In the first of Workshop's IT columns, we talk to structural engineer Tony Fitzpatrick of Arup USA about the role technology plays in his life and work
What gadgets do you carry?
I'm not really a gadget man. I still use a paper diary. It's much quicker. I have two mobiles, one with a US number, one with a UK number. There's nothing that makes a client feel more remote than having to dial an international number.

What hardware do you use in the office?
My office is in my bag: it's a lightweight Toshiba Portege 3480CT laptop. It's Arup special issue – the others get standard Dells. It has an AirCard Wireless card that slots in and allows me to log onto the Arup network on the train without using a phone.

Is construction in the US further ahead technologically than here?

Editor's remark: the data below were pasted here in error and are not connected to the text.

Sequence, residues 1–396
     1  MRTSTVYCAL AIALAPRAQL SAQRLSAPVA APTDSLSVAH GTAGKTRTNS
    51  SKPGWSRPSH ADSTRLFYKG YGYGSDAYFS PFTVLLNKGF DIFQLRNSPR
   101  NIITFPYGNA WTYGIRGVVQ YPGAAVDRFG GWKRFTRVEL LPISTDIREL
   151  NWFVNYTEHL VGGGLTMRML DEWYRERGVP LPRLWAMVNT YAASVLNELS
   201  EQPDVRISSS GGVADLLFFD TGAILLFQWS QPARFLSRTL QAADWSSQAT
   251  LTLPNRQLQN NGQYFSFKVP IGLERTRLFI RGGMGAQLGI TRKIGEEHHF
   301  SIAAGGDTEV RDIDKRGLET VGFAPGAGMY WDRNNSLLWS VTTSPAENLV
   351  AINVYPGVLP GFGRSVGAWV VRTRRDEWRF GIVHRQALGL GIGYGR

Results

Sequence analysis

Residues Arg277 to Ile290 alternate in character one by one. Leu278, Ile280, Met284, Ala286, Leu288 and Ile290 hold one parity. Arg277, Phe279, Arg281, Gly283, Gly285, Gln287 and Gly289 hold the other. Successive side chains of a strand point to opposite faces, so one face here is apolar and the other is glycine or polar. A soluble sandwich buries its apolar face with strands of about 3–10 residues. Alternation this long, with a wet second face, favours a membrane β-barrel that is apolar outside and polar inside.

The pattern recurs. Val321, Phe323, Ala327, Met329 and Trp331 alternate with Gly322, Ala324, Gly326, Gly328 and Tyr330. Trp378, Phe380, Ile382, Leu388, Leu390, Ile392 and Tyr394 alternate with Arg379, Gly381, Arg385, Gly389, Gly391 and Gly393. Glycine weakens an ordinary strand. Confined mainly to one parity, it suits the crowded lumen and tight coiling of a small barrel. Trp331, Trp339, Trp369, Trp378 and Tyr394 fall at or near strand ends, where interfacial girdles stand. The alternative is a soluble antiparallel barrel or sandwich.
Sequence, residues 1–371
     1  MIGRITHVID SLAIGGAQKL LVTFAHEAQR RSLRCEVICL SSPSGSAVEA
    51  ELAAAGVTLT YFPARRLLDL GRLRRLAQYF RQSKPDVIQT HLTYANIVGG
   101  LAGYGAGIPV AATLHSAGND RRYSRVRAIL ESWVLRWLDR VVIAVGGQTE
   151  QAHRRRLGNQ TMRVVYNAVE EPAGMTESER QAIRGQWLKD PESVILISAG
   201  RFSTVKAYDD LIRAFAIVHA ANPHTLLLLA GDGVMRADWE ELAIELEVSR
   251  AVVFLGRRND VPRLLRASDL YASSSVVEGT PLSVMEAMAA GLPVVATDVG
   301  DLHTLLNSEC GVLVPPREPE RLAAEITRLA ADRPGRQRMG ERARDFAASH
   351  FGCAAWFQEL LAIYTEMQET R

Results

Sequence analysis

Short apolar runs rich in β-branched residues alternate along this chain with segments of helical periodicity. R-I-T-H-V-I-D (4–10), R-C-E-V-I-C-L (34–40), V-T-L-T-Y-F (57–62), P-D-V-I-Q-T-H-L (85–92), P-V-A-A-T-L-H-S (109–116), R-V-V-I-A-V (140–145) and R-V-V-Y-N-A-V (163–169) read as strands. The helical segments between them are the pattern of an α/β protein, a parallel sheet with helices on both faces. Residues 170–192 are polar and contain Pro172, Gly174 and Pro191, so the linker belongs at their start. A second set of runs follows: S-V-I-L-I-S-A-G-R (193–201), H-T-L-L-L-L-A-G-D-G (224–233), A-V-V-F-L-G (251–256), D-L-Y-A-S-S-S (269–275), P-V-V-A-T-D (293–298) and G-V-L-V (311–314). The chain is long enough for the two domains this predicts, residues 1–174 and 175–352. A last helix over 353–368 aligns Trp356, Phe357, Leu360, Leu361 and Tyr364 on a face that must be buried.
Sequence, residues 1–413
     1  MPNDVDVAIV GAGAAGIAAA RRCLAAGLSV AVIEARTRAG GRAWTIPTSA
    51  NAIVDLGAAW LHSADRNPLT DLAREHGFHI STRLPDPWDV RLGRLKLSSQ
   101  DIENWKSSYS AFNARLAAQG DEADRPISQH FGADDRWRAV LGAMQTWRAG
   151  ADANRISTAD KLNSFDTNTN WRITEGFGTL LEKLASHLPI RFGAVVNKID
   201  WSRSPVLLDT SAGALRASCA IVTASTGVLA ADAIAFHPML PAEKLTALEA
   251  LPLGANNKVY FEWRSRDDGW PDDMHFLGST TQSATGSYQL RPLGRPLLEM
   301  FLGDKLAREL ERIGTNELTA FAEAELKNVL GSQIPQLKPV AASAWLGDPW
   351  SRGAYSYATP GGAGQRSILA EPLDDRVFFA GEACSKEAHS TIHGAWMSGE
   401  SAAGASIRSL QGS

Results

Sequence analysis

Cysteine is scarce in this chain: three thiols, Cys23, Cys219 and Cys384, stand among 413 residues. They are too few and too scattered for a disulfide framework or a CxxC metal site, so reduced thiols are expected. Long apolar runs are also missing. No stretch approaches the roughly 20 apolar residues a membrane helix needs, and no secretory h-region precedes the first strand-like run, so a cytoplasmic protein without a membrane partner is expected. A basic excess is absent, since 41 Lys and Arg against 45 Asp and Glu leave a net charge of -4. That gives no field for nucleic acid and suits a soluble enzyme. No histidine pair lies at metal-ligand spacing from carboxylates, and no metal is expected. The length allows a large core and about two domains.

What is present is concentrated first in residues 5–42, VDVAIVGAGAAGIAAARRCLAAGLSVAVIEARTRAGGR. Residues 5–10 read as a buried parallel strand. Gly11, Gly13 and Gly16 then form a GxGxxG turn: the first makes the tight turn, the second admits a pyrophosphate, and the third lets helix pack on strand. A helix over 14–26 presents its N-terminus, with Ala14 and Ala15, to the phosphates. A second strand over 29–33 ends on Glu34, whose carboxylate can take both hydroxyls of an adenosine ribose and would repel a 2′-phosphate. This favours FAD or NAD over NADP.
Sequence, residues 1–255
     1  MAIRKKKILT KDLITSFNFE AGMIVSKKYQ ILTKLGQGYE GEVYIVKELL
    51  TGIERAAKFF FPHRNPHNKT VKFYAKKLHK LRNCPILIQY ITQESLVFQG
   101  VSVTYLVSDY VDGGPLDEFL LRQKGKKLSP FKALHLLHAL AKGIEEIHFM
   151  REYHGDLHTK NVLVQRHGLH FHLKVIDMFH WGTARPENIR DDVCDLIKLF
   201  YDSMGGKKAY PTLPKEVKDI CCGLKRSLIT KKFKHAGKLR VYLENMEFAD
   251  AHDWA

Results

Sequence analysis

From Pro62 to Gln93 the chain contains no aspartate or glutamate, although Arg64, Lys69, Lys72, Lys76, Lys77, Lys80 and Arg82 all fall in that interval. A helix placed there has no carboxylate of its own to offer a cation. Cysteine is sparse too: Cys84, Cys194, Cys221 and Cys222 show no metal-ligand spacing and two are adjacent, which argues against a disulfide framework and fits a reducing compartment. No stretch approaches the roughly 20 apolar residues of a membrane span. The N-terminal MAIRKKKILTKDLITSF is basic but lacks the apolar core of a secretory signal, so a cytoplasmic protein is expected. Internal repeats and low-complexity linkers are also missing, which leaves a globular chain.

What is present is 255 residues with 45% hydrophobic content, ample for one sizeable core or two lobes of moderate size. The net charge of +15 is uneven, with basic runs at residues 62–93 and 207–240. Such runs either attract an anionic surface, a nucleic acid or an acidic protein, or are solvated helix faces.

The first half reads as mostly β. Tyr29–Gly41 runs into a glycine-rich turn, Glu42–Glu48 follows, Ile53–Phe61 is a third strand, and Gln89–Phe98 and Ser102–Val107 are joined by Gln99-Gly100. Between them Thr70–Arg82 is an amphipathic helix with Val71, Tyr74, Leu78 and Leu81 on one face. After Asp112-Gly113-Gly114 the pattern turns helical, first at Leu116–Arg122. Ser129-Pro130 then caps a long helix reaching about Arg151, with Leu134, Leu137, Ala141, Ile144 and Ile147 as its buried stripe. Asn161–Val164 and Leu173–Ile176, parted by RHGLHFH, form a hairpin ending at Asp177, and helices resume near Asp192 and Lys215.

It's streets ahead in its use of communications IT – there's more need for it as people are dispersed in offices around the country. You can't send things around on a courier like you can in London. But they're not ahead in other areas. In the UK, there are trials of barcoding stuff coming on to site and things like that. I've not come across that in the US.

What's the most exciting IT development you've come across recently?
Solid state memory cards. I got mine on Monday and I've been absolutely astonished. It cost 200 Hong Kong dollars, it weighs nothing, it's got no moving parts, it sits in my top pocket and I can put 128 Mb onto it. CDs are going to die and it's all going to go solid state.

What's going to be the next big thing?
On-screen freehand sketching. Something that would allow you to sketch on a screen and turn it into a digital format you can see and store and email. That's the single biggest reason we have to go to face-to-face sessions – because we can't sketch except face to face.

Will your office ever be paperless?
It already is, except for sketches and drawings. We sketch on paper, then scan them in and dump the paper. But drawings still have to be printed out because nobody's figured out how to check designs on screen.